Nature springs from the concrete of Tibás. Discover Rylyuk’s murals.
Helicons, hummingbirds, bees, and owls appear from the cement in the streets of the of Tibás through the art of Rylyuk. Electric lamp posts, telephone connection boxes, or tunnel walls are often a kind of “caste” despised in a city. They embody the souls of public baths, or a free space for stick posters with the offers of the day. Consequently, they become smelly objects and places full of torn paper that accumulates layer after layer. In this context, street artists become a tribe of “exorcists” who manage to bring these objects back to life, but better than that, to a better life. One of those “exorcists” is Riliuk. Pura Inspiration spoke with this illustrious artist from Tibás and collected a small fraction of his colorful work to share with you.
PI: You are very productive. Just take a tour of Tibás to see how many painted murals you have. For example, how many light poles have you painted?
I think more than five hundred. I started painting the lamp posts in Tibás as a form of self-expression. I soon realized that, like many, I hated how dirty and neglected they were. So I thought, that in addition to being a form of expression, it would be useful to solve a problem. For me, it is all that painting on the street entails; it is part of a process.
Get to where they are, clean them, sand them, and then paint them. Painting posts in Tibás became a boom, and people started helping me, giving me the materials I needed. I understand that other communities also liked the idea. I know that in Turrialba and Palmares, they are also doing it.
Although we know that most of the time, the poles and the telephone frames are very neglected. Do you have any problems painting them?
It depends where they are. Sometimes they are from ICE, others from Fuerza y luz. Fuerza y Luz does not allow, because it seems a distraction for drivers. Even so, they do not take care of them; they are dirty and unpainted. Possibly, if they were to make trouble, the main defenders would be the neighbors themselves who have cooperated for me to paint them. “Possibly, if they were to make trouble, the main defenders would be the neighbors themselves, who have cooperated so that I paint them.”
“Possibly, if they were to make trouble, the main defenders would be the neighbors themselves, who have cooperated so that I paint them.”
A multi-colored beetle takes off from “The Mushroom Valley.”
PI: Has your art become your livelihood today? Can you make a living from your murals?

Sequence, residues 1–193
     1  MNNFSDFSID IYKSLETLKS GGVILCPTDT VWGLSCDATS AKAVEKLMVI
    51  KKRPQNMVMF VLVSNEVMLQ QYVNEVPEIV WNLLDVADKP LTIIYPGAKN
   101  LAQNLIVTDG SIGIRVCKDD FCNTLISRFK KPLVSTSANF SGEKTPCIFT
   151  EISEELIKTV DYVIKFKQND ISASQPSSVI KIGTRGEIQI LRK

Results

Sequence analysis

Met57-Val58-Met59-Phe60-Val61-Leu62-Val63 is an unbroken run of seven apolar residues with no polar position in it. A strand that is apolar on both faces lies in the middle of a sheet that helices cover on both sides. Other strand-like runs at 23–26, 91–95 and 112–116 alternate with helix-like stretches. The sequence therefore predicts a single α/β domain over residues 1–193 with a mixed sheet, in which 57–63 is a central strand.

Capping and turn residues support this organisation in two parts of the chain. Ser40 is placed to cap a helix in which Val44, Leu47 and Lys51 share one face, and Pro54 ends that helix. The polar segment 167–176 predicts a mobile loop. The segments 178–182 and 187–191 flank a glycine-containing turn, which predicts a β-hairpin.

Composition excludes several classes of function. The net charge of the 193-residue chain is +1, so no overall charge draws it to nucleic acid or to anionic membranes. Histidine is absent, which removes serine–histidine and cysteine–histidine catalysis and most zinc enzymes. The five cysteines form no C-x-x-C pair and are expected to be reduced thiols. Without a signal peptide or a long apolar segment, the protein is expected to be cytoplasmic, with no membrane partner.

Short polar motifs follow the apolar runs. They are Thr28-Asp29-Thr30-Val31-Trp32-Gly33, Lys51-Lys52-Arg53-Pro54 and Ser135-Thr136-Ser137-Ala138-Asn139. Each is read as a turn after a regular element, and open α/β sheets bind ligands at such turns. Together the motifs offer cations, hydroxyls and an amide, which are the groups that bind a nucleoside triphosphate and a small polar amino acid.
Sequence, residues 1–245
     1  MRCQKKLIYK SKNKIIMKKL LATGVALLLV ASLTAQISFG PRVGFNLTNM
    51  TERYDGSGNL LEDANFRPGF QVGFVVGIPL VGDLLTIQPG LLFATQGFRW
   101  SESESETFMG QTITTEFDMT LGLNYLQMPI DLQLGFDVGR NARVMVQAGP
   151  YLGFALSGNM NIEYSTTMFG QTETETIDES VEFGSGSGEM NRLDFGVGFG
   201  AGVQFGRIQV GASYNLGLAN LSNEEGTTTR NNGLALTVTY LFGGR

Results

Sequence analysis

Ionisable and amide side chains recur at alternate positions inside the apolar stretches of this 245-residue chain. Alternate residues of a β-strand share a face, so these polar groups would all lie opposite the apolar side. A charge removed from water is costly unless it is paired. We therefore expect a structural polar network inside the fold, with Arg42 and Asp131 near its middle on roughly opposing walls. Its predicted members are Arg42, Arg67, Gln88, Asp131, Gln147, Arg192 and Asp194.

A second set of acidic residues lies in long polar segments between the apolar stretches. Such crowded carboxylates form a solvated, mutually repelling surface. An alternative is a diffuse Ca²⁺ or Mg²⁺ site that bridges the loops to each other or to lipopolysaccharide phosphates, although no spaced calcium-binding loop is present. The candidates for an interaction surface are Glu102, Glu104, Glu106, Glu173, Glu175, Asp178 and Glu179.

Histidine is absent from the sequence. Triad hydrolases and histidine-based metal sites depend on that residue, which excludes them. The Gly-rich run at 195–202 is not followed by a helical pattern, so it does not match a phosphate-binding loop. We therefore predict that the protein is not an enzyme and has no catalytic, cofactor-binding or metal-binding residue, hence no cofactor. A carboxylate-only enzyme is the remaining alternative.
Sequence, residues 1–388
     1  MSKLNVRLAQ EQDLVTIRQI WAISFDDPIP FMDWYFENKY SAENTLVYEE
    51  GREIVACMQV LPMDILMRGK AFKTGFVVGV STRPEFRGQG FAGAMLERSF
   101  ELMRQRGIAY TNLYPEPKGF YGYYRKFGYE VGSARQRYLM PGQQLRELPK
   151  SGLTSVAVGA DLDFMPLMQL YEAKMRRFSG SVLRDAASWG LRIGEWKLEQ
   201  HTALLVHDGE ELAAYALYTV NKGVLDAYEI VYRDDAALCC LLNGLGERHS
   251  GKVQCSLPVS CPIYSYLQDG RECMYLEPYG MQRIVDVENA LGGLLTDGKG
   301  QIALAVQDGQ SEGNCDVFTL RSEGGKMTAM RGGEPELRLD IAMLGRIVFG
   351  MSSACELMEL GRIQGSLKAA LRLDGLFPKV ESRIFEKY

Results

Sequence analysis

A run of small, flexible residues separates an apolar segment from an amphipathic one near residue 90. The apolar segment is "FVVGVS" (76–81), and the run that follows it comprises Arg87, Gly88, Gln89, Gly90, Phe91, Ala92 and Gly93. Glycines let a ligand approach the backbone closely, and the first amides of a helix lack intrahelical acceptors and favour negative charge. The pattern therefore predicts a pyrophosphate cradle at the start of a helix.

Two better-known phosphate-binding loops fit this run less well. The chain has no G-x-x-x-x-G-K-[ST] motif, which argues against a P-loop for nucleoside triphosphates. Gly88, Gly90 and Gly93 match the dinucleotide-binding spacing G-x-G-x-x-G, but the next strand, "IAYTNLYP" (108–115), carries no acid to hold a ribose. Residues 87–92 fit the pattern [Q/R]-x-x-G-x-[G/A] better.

Even when I don’t have a commission or contract, I still go out to paint. It is to keep me active. Also, the jobs they ask me for, generally the contact happens while I’m painting on the street. I need to stay active. I need people to see me.
PI: It caught our attention that one of your last works, you painted some bats, a species that is rarely the protagonist of a mural? Why did you do it?
Like many of my works, I do it mainly, to rescue a forgotten space. But the reason for the bats is that Tibás is known as the Cantón San Juan del Murciélago, and that bridge is the entrance and exit to the Cantón. It was an important bridge that was sad, and I wanted to rescue it with art.
PI: Because of your participation in Canton’s social networks, do you have a lot of relationships with the community?
I often post the idea and then ask people to help. What people what they can give. Leftovers of paint, for example, well gallons, as a company does. It is nice because when people see the finished work, they feel that they are part of the project. It is important. It unites people; it gives them a sense of identity.
PI: Do you think your art has any effect on people?
Bring happiness, more color. It is sad to go to San José, because of the smells, and how everything is neglected. Many people do not want to go. It seems to me that all of a sudden, seeing all that bunch of color is a sharp contrast, and it draws attention. Another motivation is the reaction of both older adults and children who are happy andlike it. I think my art reaches all ages. They see it as something positive, and they love it.
PI: What is your inspiration, what awakens your desire to paint?
At first, I didn’t know how to paint. At first, it was experimental then we get to nature, which is a highly appreciated subject. Art itself inspires me, by reaching people. I am doing something positive for my country, something for my neighborhood. In general, I try to paint national nature or national identity. Boruca masks, for example, were asked for in the market. I liked how they looked, and I have painted them in other places. In San Pablo de Heredia, I also painted them. I am interested in rescuing cultural identity. “Art itself inspires me by reaching people. That I am doing something positive for my country, something for my neighborhood.”
“Art itself inspires me by reaching people. That I am doing something positive for my country, something for my neighborhood.”
If you want to know more about the murals of Rylyuk, we recommend a tour of Tibás. Its animals, leaves, and flowers are everywhere.
You can also follow him on his social networks Instagram and facebook.
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